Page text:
Dry to the bone – May ties 1902 no-rain record in Prescott
May's complete lack of precipitation in Prescott tied a 1902 record.
The zero rainfall also extends another record: the period from September to May is now the driest weather during that period in Prescott's history, officials said.
February also tied a record of zero precipitation, from 1900.
The National Weather Service station at the City of Prescott's Sundog site on the northeast side of town has averaged 0.5 inches of rain in May since 1898. May is traditionally the second-driest month of the year, behind June, which averages 0.41 inches.
The Yavapai County Flood Control District has a precipitation monitoring site on the south side of town along Marina Street.
That county site hasn't recorded any rain since April 6, said hydrologist Mark Massis. And it has recorded precipitation only twice this year, he added. It has recorded 2.87 inches of rain since Oct. 1, 2001.
June is looking pretty hot and dry, too, said Mike Campbell, meteorologist in charge at the National Weather Service's Flagstaff office.
"We've got a whole 'nother month of real extreme fire danger," he said.
The hot, dry weather is creating more wind than normal, too, he said.
Any cold fronts that make their way into the area are devoid of clouds or moisture, what the Weather Service calls "dry fronts," he added.
When the monsoon season arrives in southern Arizona a week or two before it hits here, it could produce dangerous dry lightning in this area, Campbell said.
Some weather experts believe this area is in for a continuous drought that won't end until sometime between 2015 and 2025.
So even though it's naturally arid here, people should be prepared for drier weather than they've ever experienced unless they lived here during the 1950s.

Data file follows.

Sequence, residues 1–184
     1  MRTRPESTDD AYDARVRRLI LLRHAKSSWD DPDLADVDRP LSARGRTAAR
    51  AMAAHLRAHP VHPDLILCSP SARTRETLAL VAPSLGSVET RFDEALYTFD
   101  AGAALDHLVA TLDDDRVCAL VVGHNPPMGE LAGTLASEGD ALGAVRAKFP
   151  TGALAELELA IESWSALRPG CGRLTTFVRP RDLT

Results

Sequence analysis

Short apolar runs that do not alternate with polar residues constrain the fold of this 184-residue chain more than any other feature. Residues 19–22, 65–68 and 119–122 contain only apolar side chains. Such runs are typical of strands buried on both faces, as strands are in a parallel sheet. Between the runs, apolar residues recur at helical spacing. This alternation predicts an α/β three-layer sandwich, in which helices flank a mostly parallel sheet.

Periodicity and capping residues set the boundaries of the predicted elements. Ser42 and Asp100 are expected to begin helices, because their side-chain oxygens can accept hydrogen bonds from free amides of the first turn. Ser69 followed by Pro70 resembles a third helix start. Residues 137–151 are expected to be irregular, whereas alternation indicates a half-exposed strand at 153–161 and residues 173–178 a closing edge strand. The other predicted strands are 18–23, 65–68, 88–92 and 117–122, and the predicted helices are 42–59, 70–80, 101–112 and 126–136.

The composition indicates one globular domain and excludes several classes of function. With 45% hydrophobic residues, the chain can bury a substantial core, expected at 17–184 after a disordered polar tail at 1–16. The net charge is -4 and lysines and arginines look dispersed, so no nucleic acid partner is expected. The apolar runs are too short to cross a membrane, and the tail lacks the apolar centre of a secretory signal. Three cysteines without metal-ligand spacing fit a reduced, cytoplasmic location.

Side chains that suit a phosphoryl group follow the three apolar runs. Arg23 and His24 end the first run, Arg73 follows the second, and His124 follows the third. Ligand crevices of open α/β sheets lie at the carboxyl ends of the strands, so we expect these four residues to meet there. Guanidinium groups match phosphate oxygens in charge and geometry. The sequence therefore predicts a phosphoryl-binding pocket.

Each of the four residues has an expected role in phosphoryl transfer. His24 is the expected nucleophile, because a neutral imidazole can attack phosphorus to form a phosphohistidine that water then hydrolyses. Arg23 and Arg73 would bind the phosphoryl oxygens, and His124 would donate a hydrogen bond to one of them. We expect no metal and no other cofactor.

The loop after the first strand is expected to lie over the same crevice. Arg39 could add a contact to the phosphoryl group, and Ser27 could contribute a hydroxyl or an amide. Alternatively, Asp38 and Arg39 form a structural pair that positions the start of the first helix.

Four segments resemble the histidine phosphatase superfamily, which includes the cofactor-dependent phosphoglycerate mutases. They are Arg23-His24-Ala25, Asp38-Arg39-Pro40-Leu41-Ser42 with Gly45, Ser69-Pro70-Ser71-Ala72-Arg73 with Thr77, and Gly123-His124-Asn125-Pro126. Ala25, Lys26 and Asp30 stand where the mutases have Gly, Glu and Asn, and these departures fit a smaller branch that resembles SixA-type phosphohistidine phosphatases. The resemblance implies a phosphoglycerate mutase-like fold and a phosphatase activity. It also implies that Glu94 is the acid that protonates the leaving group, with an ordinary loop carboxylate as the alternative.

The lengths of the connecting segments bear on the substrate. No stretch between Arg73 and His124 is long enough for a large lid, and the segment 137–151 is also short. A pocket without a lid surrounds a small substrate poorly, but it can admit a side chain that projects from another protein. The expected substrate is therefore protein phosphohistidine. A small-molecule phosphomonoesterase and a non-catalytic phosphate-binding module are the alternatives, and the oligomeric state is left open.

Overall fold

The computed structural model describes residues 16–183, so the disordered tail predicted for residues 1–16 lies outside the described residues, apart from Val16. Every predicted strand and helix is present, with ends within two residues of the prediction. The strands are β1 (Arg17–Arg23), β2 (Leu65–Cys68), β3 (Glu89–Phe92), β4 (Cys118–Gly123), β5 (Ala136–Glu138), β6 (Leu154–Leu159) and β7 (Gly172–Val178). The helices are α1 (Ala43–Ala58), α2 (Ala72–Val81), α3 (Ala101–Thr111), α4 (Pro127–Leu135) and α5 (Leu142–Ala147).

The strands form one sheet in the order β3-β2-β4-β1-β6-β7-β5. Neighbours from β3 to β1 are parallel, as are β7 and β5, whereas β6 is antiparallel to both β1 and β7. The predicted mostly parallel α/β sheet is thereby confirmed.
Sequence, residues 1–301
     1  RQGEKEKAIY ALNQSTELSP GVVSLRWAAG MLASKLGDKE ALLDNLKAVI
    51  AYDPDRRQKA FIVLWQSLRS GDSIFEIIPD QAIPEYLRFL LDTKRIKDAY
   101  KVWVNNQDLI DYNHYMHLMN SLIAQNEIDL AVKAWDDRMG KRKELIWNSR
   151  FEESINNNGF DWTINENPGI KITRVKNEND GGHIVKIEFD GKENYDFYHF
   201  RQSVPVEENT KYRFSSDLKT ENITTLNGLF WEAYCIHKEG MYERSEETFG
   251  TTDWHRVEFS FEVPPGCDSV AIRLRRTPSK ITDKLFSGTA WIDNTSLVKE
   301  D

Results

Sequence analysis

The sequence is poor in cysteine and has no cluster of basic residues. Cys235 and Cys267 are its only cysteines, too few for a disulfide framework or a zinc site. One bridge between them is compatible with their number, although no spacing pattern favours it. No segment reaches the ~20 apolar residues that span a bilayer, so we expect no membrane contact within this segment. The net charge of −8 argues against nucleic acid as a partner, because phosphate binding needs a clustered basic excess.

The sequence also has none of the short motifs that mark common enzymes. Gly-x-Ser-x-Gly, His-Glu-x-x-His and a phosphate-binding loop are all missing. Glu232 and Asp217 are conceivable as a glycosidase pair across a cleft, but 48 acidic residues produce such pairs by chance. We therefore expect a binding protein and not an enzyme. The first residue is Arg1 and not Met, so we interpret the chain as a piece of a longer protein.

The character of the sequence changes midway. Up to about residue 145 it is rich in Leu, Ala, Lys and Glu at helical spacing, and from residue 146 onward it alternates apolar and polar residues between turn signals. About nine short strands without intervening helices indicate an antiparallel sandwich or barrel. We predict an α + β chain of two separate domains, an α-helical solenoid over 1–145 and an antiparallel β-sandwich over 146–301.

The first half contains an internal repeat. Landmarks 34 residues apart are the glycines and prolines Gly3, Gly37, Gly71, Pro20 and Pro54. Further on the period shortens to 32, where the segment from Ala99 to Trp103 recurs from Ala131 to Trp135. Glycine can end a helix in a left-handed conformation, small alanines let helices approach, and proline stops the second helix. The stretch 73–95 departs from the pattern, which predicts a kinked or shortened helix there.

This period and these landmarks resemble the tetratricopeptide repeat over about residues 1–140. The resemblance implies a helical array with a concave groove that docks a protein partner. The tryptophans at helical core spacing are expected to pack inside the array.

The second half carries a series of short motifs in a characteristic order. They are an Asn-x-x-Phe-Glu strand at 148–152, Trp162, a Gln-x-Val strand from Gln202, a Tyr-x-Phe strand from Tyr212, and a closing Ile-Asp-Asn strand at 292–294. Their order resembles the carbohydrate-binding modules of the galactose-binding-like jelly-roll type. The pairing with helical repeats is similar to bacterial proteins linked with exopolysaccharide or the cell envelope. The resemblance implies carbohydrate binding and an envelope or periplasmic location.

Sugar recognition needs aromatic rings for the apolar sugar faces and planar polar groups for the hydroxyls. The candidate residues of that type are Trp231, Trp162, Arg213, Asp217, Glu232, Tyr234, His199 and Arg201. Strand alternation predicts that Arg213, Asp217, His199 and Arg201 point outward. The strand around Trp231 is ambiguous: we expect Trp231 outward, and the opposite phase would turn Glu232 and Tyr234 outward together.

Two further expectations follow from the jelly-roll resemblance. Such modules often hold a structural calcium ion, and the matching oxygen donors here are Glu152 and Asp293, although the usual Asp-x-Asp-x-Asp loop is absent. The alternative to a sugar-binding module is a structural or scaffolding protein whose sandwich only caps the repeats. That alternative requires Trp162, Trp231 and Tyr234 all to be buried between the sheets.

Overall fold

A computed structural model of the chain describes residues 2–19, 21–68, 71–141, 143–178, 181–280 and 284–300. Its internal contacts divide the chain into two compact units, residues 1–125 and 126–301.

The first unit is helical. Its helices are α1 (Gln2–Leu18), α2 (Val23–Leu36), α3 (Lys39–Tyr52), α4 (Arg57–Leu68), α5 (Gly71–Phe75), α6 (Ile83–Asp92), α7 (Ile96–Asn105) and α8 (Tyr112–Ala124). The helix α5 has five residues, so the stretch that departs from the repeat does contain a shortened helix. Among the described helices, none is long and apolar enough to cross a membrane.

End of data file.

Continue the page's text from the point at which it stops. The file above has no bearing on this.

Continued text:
The Pacific Decadal Oscillation is what some officials think will cause the drought to continue.
That weather cycle changes every 20 to 30 years, explained Mike Staudenmaier of the National Weather Service in Flagstaff.
In 1995, it changed to its dry phase after three decades of above-average moisture.
During the past seven years, this area's annual precipitation has been below average except for one year in which El Nino affected it.
The only possibility for help that long-term forecasters see right now is El Niño.
The Pacific Ocean warms up during El Nino, and the ocean is warming up right now off the cost of South America, Staudenmaier said. But the warming ocean takes awhile to impact the atmosphere, and it affects Arizona only during the winter, he said.
So if the El Niño effect continues on through to the next winter, it may help wet things up around here.
To learn more about the regional drought, visit the federal government's drought monitor Web site at www.drought.noaa.gov.
Contact Joanna Dodder at email@example.com